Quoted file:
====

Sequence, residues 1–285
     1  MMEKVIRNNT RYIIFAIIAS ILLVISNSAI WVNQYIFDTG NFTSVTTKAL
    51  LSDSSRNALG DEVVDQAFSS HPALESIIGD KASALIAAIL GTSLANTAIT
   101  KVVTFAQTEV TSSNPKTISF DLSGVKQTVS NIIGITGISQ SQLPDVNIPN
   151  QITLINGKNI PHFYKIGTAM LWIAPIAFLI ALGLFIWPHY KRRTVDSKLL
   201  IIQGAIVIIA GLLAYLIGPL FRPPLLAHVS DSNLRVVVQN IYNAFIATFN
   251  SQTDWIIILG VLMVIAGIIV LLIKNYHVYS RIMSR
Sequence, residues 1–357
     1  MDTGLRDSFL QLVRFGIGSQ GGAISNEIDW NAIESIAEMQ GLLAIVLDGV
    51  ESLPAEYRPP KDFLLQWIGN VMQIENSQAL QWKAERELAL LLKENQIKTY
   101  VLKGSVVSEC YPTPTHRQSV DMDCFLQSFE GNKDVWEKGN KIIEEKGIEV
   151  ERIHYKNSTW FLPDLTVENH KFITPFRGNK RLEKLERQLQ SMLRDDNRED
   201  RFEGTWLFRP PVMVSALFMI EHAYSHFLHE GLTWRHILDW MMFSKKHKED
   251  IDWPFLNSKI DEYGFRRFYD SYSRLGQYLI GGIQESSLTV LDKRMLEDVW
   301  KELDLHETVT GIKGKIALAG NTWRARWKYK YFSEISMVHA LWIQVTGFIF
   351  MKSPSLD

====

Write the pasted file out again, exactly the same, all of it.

Sequence, residues 1–285
     1  MMEKVIRNNT RYIIFAIIAS ILLVISNSAI WVNQYIFDTG NFTSVTTKAL
    51  LSDSSRNALG DEVVDQAFSS HPALESIIGD KASALIAAIL GTSLANTAIT
   101  KVVTFAQTEV TSSNPKTISF DLSGVKQTVS NIIGITGISQ SQLPDVNIPN
   151  QITLINGKNI PHFYKIGTAM LWIAPIAFLI ALGLFIWPHY KRRTVDSKLL
   201  IIQGAIVIIA GLLAYLIGPL FRPPLLAHVS DSNLRVVVQN IYNAFIATFN
   251  SQTDWIIILG VLMVIAGIIV LLIKNYHVYS RIMSR
Sequence, residues 1–357
     1  MDTGLRDSFL QLVRFGIGSQ GGAISNEIDW NAIESIAEMQ GLLAIVLDGV
    51  ESLPAEYRPP KDFLLQWIGN VMQIENSQAL QWKAERELAL LLKENQIKTY
   101  VLKGSVVSEC YPTPTHRQSV DMDCFLQSFE GNKDVWEKGN KIIEEKGIEV
   151  ERIHYKNSTW FLPDLTVENH KFITPFRGNK RLEKLERQLQ SMLRDDNRED
   201  RFEGTWLFRP PVMVSALFMI EHAYSHFLHE GLTWRHILDW MMFSKKHKED
   251  IDWPFLNSKI DEYGFRRFYD SYSRLGQYLI GGIQESSLTV LDKRMLEDVW
   301  KELDLHETVT GIKGKIALAG NTWRARWKYK YFSEISMVHA LWIQVTGFIF
   351  MKSPSLD